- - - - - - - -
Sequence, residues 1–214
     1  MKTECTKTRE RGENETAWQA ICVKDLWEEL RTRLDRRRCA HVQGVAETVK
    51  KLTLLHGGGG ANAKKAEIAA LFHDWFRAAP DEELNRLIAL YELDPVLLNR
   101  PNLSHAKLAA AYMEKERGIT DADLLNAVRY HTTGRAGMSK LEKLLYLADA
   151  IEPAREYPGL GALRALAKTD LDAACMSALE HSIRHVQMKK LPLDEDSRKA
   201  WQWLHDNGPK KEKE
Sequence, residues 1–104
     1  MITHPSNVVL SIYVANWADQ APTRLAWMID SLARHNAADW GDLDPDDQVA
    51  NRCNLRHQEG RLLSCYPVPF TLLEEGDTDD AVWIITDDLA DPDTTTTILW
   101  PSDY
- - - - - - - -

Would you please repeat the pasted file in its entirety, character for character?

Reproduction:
Sequence, residues 1–214
     1  MKTECTKTRE RGENETAWQA ICVKDLWEEL RTRLDRRRCA HVQGVAETVK
    51  KLTLLHGGGG ANAKKAEIAA LFHDWFRAAP DEELNRLIAL YELDPVLLNR
   101  PNLSHAKLAA AYMEKERGIT DADLLNAVRY HTTGRAGMSK LEKLLYLADA
   151  IEPAREYPGL GALRALAKTD LDAACMSALE HSIRHVQMKK LPLDEDSRKA
   201  WQWLHDNGPK KEKE
Sequence, residues 1–104
     1  MITHPSNVVL SIYVANWADQ APTRLAWMID SLARHNAADW GDLDPDDQVA
    51  NRCNLRHQEG RLLSCYPVPF TLLEEGDTDD AVWIITDDLA DPDTTTTILW
   101  PSDY